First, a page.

Take nothing away from Schüttler, but the battling German is 32 years old and has played a lot of tiring tennis to get into the last four. Rafa, on the other hand, is young, rampant and brutally brilliant, capable of smashing virtually anyone in the world to a pulp right now.

Schüttler likes playing from the baseline but even if he had the best day of his tennis life, I cannot see him having the stamina to stay with Rafa, let alone the weapons to down the hottest of favourites in this one-off.

For more picks, and a full record of what happens to my predictions, visit: www.nickstennispicks.com

Today's Big Match Roger Federer v Marat Safin

HOW THEY MATCH UP

Swiss NATIONALITY Russian

26 AGE 28

Basle PLACE OF BIRTH Moscow

Oberwil RESIDENCE Monaco

1998 TURNED PRO 1997

Right-handed PLAYS Right-handed

6ft 1in HEIGHT 6ft 4in

88kg WEIGHT 88kg

No 1 WORLD RANKING No 75

No 1 SEEDING Unseeded

55 CAREER TITLES 15

£21m PRIZE MONEY £6.7m

W43 L4 WIMBLEDON RECORD W16 L8

Winner (2003-07) WIMBLEDON BEST SF (2008)

HEAD-TO-HEAD: 10 previous meetings. Federer leads 8-2.

ODDS: Federer 1-10, Safin 10-1.

Bollettieri predicts: Federer.

Marat Safin's biggest weapon right now is his confidence. He has absolutely nothing to lose against the world No 1 and frankly the Russian bear has been playing like he's had nothing to lose all tournament. There's been a freedom of expression in his play that's seemed intangibly touched by destiny. But look out! It's buffers time. Marat's only hope is to have a massive serving day, return brilliantly, move well and keep his cool. He can do all that, and should enter the arena believing he will win. But I don't think it's going to be enough against another man driven by his own destiny on what is effectively his own back lawn. Roger is serving exceptionally well, mixing it up and placing it. He's not hesitant about going in to the net. More than anyone else on Tour he's capable of changing the pace of a match to suit himself. Marat will have to be in attack-dog mode – ready to pounce on any little chance – while simultaneously staying calm. I take him to make a match of it, but Federer to reach the final.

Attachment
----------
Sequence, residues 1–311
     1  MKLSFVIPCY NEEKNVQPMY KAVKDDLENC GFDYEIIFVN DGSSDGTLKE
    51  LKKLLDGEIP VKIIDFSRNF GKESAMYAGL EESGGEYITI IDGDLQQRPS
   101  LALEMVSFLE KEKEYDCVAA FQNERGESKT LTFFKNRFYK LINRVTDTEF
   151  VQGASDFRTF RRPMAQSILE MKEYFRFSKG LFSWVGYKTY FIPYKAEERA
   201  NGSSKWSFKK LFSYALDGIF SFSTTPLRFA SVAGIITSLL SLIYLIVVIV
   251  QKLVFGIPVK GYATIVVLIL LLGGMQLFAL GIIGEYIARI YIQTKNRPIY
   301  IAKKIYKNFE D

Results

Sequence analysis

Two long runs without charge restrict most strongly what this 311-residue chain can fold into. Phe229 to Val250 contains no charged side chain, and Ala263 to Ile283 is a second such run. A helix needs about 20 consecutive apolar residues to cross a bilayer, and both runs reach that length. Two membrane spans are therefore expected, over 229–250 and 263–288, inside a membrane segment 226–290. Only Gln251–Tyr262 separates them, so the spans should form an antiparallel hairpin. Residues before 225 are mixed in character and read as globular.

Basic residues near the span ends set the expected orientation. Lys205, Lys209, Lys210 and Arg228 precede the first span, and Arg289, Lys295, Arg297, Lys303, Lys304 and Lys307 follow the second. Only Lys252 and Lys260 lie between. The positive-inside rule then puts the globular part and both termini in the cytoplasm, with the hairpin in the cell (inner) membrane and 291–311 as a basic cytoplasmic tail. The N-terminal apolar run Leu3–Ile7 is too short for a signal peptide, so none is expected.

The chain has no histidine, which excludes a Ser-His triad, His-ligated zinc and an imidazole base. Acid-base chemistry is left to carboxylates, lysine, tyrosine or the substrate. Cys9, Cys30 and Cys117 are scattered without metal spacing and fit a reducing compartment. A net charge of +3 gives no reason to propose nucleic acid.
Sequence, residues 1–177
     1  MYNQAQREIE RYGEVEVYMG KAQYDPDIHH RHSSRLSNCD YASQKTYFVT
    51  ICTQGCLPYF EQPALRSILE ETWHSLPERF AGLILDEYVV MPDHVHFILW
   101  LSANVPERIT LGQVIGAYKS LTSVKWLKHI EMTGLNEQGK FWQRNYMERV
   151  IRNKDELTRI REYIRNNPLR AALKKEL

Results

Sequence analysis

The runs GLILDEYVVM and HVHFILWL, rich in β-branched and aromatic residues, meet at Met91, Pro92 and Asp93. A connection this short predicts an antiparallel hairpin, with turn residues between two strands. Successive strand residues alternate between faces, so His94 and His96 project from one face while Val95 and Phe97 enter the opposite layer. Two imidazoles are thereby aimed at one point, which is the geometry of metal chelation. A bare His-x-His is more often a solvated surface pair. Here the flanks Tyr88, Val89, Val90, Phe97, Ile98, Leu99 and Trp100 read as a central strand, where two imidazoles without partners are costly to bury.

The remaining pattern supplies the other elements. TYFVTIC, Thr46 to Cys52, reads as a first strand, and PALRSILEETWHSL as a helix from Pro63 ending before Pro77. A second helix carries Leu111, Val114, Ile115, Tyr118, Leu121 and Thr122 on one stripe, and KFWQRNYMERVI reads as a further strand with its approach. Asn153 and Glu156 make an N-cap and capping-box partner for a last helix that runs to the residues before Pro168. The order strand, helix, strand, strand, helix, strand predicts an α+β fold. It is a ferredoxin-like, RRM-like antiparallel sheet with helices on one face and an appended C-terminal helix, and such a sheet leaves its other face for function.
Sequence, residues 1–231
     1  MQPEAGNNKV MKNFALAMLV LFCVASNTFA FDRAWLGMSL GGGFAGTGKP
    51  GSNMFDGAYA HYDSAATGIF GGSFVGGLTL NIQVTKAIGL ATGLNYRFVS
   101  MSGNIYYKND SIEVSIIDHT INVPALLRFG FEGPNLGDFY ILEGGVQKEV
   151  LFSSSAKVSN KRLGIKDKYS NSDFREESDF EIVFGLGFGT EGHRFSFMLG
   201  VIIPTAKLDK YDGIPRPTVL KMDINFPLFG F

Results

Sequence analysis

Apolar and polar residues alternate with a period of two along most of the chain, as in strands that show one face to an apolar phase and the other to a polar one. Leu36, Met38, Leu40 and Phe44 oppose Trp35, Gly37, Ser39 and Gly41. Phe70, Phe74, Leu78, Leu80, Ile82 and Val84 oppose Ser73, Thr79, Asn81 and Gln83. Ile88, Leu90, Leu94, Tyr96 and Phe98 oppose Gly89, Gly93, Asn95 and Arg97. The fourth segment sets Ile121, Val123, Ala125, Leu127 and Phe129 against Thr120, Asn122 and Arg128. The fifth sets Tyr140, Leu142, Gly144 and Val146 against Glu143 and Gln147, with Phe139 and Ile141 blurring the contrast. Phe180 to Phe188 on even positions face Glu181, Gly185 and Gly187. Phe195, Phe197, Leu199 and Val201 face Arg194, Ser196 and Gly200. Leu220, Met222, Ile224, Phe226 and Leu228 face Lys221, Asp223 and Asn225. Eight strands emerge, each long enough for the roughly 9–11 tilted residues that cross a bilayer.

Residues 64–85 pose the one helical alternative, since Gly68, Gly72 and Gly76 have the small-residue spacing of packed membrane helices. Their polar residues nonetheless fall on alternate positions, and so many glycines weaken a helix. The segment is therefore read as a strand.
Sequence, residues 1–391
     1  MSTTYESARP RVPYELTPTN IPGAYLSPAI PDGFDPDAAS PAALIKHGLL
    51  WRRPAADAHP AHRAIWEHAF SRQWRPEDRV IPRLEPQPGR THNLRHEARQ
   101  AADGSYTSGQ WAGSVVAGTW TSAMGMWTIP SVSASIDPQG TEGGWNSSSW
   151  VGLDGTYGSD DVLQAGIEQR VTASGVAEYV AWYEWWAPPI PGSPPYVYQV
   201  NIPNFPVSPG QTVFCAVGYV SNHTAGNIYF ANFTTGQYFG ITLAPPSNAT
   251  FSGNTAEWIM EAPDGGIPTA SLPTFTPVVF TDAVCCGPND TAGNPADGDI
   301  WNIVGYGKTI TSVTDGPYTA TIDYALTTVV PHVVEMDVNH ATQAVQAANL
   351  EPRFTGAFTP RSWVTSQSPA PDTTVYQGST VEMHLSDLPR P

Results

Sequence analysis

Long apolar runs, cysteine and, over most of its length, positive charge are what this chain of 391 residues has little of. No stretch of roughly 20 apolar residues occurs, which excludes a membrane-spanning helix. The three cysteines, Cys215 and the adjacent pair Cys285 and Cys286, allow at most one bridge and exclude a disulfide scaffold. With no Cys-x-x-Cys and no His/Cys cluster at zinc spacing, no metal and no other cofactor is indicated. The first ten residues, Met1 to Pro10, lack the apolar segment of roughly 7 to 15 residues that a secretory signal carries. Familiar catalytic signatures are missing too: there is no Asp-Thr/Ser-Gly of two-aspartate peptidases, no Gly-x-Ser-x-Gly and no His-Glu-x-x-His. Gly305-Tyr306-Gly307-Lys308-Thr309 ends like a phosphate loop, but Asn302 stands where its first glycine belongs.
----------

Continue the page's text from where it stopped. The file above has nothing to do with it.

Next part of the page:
Win a week at the Bollettieri Tennis Academy

You have only two chances left to enter my easy competition to win a week's stay at my Florida academy. Travel to America and train in the footsteps of Andre Agassi, Maria Sharapova and other top players. Just email to tell me who is going to win today's big match. I am looking for a scoreline, and a short forecast of how your pick will win. Each day, I'll select a daily winner, with the overall winner drawn from all those at the end.

Thanks for your many entries so far, and I truly appreciate all your comments on the column! Wednesday's winner for Murray-Nadal was Gary Mardell. Yesterday's for Serena-Zheng was Curtis Stewart. Both will go into the hat for the prize.

The competition is open to all ages: your trip will be tailored to your requirements, junior or adult. I'll cover tuition, accommodation and meals. You buy the air ticket. Read about the trip of last year's winner, Rachel O'Reilly, on this newspaper's website. To enter today, email me at n.bollettieri@independent.co.uk

Nick's tips to improve your game

No 10: Volley on the move

Most people practise volleys by standing near the net and having someone hit balls to them from the baseline. That's about as useful for a match situation as a car in a swimming pool. When was the last time you were in a match and you hit a volley from a stationary position? Wouldn't that be nice.

Instead, practise in a drill where your movement, balance, footwork and overheads will all be improved. Player A plays a short ball to B, who hits it back down the middle and moves in. A returns, B volleys. A then lobs, to set up an overhead for B. A uses this ball as the approach to move in, while B moves back. The roles are switched. Start slow. Repeat as long as the ball stays in play.

PROMOTED VIDEO